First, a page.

Two closely related species of swamp skink (Lissolepis coventryi and Lissolepis luctuosus) occur in Australia, one in the extreme southeast and the other in the southwest of the country. They are separated by more than 2,000 km of arid country, and they have been isolated from one another for a considerable period of time, possibly more than 20 million years. We investigated the gastrointestinal nematode fauna of each using preserved museum lizards. More than 80% of each species of lizard was infected with nematodes. Three new species of nematode are described; Spinicauda victoriae n. sp. occurs only in L. coventryi in the southeast and Spinicauda similis n. sp. only in L. luctuosus in the southwest, each occurring at a similar prevalence and intensity. Moaciria paucipapillata n. sp. occurs in both populations. Abbreviata antarctica also occurs in both populations, though infrequently in L. coventryi. Pseudorictularia disparilis was present in 14% of L. coventryi, attesting to the aquatic habitat this lizard. The close similarity of the two species of Spinicauda, which differ only in the form of the eggs, indicate a common ancestry. The presence of A. antarctica adults in these semi-aquatic hosts supports the suggestion that this morphologically variable species originated in a cool, damp environment and has adapted to a wider range of hosts and to a less-humid environment. The cestode Oochoristica vacuolata was recovered primarily from L. coventryi.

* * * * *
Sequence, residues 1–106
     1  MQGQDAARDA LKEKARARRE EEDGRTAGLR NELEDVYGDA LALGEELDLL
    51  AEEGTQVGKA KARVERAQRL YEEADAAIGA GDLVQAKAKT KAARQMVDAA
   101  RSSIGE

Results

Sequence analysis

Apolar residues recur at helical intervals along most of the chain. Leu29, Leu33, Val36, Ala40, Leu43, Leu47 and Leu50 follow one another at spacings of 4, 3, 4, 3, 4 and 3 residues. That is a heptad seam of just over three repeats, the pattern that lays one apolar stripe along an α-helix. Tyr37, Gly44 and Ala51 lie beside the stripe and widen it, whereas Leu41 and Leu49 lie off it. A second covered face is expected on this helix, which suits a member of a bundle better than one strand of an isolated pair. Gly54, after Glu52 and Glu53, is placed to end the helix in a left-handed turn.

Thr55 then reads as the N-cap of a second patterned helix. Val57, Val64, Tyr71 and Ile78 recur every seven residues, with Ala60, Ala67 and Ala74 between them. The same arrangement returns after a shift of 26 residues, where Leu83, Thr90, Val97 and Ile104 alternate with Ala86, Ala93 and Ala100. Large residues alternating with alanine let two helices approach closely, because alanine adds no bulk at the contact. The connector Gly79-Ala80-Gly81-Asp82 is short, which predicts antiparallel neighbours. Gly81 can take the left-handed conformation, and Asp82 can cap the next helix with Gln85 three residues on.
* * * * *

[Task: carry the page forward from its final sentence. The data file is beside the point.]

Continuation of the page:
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Vol. 77 • No. 1